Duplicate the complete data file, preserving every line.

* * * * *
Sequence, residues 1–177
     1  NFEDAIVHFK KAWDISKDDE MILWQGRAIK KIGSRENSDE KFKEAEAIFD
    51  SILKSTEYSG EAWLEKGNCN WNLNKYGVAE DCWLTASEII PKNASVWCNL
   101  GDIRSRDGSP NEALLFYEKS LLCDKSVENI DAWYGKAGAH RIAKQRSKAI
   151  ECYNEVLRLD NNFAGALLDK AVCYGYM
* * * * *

Sequence, residues 1–177
     1  NFEDAIVHFK KAWDISKDDE MILWQGRAIK KIGSRENSDE KFKEAEAIFD
    51  SILKSTEYSG EAWLEKGNCN WNLNKYGVAE DCWLTASEII PKNASVWCNL
   101  GDIRSRDGSP NEALLFYEKS LLCDKSVENI DAWYGKAGAH RIAKQRSKAI
   151  ECYNEVLRLD NNFAGALLDK AVCYGYM